☐ Have You Done Your Homework on the Staff?
When you acquire an existing business, you are also acquiring its management team and employees. You should know the skill levels and proficiencies of any staff you will be inheriting, and whether you are going to be faced with the task of replacing key staff members. Do all team members plan to stay with the company? Have they been made any promises by previous ownership that you will now be expected to fulfill? Is anyone retiring or planning to go on extended leave? Is anyone disgruntled about the sale? When you know the answers to these questions, you'll be best prepared to address any issues.
☐ What is the State of the Inventory?
If inventory is applicable to the business in question, everything should be itemized and given a carefully determined value. Will any inventory lose value with time, or only have a value at certain times of the year? Will it be adequately stocked for when you take over the company? When you are investing in a company, you're going to want to have everything you need on hand to generate revenue from its operation.
☐ What is the State of the Physical Property?
First things first: you need to know if the business owns the property on which it resides or if there is a lease agreement in place. Then seek out answers to the following questions. What are the details of the lease and the reputation of the landlord? How much is the rent, and is it due to increase? Is the property in good condition, or is it in need of repair? If the business owns the property, what are the real estate taxes? Is the property able to accommodate any planned growth? Is it legally zoned? Is the location appropriate? Are you going to need to make changes, or find a new location altogether? This is an area where you cannot be too thorough.
☐ Do You Have All the Legal Documents and Contracts?
This is another critical step in purchasing a business. You are going to need to have every last piece of paperwork that pertains to that business. This includes business licenses, copyright agreements, patents, trademarks, import and export permits, mining rights, real estate documents, etc. Basically, if something relates to the business in any way, you should have documentation of it. If the current owner has not kept good records, there is your first sign that you might want to think twice about moving forward with the acquisition.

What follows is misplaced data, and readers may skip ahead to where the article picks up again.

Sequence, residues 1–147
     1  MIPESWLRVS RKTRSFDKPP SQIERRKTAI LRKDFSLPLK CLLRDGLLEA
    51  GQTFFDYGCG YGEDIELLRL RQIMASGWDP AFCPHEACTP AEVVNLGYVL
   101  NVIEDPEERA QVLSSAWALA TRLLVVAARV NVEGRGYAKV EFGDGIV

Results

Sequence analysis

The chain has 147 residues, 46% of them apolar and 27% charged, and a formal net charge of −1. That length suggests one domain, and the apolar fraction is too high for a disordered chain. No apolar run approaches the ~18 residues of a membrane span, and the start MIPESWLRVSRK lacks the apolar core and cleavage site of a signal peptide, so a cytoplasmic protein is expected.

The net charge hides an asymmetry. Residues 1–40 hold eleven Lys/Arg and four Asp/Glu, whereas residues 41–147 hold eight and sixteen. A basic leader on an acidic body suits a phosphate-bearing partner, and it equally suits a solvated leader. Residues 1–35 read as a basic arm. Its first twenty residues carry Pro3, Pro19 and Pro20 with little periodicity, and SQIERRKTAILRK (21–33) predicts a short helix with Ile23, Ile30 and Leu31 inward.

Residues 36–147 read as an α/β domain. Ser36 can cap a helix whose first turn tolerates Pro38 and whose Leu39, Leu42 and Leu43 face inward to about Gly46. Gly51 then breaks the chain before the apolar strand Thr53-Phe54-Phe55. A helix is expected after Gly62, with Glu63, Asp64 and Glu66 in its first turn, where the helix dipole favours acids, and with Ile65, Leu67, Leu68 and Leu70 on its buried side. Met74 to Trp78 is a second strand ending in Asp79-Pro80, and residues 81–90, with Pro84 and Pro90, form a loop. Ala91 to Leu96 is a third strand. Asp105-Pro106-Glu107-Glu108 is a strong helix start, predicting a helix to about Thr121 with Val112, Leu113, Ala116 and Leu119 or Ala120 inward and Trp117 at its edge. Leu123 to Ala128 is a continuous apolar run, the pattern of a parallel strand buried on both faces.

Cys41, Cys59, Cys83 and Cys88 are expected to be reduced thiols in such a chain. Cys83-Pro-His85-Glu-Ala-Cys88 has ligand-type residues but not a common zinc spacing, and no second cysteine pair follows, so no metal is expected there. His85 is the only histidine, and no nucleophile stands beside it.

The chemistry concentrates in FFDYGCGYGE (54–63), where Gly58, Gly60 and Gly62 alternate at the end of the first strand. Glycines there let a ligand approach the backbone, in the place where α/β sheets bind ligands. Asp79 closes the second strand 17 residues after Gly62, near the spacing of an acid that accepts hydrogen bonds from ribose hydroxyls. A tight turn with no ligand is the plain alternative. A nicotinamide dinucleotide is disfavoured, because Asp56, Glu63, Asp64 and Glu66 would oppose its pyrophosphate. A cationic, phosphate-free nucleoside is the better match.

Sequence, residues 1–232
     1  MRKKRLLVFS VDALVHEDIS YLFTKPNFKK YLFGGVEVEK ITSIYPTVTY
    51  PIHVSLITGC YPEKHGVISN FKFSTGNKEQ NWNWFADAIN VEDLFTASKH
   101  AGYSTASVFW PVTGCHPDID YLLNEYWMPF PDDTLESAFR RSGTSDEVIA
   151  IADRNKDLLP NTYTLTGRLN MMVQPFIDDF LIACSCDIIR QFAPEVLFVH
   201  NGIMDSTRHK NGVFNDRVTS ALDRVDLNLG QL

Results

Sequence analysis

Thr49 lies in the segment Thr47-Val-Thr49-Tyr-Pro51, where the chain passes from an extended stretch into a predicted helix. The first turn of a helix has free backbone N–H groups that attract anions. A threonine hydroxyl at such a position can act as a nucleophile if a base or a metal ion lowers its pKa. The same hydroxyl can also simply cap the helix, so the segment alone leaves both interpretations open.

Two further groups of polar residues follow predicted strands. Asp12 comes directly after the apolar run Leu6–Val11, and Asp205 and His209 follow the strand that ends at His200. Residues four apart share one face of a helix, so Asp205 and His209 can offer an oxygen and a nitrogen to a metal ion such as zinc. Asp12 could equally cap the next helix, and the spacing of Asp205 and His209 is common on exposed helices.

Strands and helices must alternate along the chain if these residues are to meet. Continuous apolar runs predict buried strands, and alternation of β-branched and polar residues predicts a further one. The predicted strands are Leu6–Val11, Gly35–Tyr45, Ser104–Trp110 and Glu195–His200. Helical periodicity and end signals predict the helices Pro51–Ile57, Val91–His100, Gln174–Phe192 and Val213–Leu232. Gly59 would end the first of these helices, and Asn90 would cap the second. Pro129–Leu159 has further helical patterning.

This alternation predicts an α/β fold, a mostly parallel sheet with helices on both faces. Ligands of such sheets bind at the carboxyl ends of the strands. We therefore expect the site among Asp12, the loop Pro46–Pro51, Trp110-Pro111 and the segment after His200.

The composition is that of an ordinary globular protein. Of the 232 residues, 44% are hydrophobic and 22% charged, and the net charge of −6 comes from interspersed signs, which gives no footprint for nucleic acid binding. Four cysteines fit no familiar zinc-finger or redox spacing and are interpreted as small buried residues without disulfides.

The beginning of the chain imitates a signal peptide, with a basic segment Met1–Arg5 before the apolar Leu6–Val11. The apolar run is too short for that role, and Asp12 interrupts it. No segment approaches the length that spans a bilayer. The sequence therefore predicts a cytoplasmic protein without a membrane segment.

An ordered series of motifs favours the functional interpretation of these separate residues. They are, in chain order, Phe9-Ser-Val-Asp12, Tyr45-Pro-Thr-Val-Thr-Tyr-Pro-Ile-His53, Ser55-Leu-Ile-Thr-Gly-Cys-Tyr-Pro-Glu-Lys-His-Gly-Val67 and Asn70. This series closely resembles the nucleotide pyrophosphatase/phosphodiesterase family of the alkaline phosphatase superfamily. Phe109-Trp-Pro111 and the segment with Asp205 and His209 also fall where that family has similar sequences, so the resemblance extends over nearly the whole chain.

☐ What is the Condition of the Business's Equipment?
You should assess the condition of all office equipment, furniture, machinery, and vehicles used for the business. What is owned and what is leased? What are the items' lease or purchase details, and are there maintenance agreements in place? You should assess the condition of all equipment to determine if anything will need to be replaced because this will be a factor in the purchase price of the business.
☐ Are You Familiar With the Business's Suppliers?
This is important because suppliers can have a significant impact on how reliable your business is able to run. You want to ensure that they are established and committed to providing superior quality and service. Find out if they fill orders on time and meet their obligations. Look into any contracts that are in place, so you understand the relationship. You also will want to ask if there are any expected price increases or factors that may impact the existing arrangement.
☐ Contact Benchmark International
If you are looking to buy a business, we represent highly motivated sellers in the lower-middle and middle market that may be the perfect fit for you. Contact one of our experts to discuss how we can help with target company searches.READ MORE >>
As we work exclusively in the mid and lower-mid markets, we see many deals succeed, and some wither. In an effort to have more of the former and less of the latter, we would like to share our core philosophies with the belief that helping you understand them will make working with us a more rewarding experience.
1. Time kills all deals.
Prudent and deliberate action are certainly also key aspects of getting deals closed but, in our experience, neither buyers nor sellers are inclined to be under-prudent or lacking deliberateness. Rather, unexplained and avoidable delays tend to stack up between the first meeting and the closing. Each delay shaves off a small percentage from the probability of closing. There are enough legitimate delays in the M&A process. When we see one that can be avoided, we will step in and attempt to get the ball rolling once again.